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Taxify: Decision of European court undermines competition

  • 2017-12-20
  • LETA/TBT Staff

TALLINN – The decision of the European Court of Justice (ECJ) declaring the ride-booking service Uber a transport service rather than an information society service significantly restricts competition and innovation, says Martin Villig, co-founder of the rival platform Taxify developed in Estonia.

"We expected from the ECJ defining the ridesharing platforms as digital service providers, which would have created better preconditions for innovation and open competition. Where strict regulations like this protect the interests of a very small group of taxi drivers, they significantly restrict free competition and options for customers," Villig said in a press release.

"In the opinion of Taxify, the field of transportation requires regulation that is minimal but done at a reasonable level -- a background check for each driver and insurance for cars. That would ensure extensive open competition on the market and freedom of choice for customers," he said.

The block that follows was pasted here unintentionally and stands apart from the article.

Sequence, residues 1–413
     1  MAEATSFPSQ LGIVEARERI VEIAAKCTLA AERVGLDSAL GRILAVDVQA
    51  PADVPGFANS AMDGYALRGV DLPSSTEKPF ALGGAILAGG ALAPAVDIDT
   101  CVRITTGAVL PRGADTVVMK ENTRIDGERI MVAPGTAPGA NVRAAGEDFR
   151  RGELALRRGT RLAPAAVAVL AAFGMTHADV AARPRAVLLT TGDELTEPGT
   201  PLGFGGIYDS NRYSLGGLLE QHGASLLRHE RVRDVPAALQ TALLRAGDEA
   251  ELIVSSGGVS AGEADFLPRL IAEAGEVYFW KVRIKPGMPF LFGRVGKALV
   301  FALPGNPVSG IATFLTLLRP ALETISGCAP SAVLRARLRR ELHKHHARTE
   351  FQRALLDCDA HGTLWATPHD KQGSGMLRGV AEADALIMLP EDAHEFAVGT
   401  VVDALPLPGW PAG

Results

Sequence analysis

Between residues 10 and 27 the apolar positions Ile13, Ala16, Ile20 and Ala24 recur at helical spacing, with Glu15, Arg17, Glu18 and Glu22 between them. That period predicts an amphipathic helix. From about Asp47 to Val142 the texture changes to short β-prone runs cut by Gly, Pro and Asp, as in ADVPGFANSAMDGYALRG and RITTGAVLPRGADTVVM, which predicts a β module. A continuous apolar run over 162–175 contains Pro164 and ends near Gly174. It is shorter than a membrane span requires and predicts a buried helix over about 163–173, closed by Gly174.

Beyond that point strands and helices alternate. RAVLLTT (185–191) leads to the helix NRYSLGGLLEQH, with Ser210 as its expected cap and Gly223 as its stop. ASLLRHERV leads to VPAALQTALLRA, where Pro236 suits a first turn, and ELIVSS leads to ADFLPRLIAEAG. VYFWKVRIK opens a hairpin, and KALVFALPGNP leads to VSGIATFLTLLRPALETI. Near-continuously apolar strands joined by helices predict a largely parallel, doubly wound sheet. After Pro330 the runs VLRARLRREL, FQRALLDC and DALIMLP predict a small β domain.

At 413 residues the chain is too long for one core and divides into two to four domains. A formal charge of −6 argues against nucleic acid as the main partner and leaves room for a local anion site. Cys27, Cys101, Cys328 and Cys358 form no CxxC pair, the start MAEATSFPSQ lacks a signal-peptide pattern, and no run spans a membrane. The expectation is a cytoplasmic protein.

"At present there's still a number of closed markets in Europe such as Germany, Spain, Italy, Hungary and Scandinavia, where the associations of taxi drivers have managed to ban ridesharing on the local market as a result of strong lobbying. In countries like that the taxi service continues to be a luxury service which is seldom used by locals," the Taxify co-founder said.

Uber is a transport services company, the European court of justice (ECJ) said in a ruling out on Wednesday, requiring it to comply with the relevant transport regulations governing local taxi services. The decision in Luxembourg, after a challenge brought by taxi drivers in Barcelona, will apply across the whole of the EU.

"The service provided by Uber connecting individuals with non-professional drivers is covered by services in the field of transport," the EU court ruled. The EU's 28 member states "can therefore regulate the conditions for providing that service."

Uber had denied it was a transport company, arguing instead it is a digital service business with operations that should be subject to an EU directive governing e-commerce and prohibiting restrictions on the establishment of such organizations.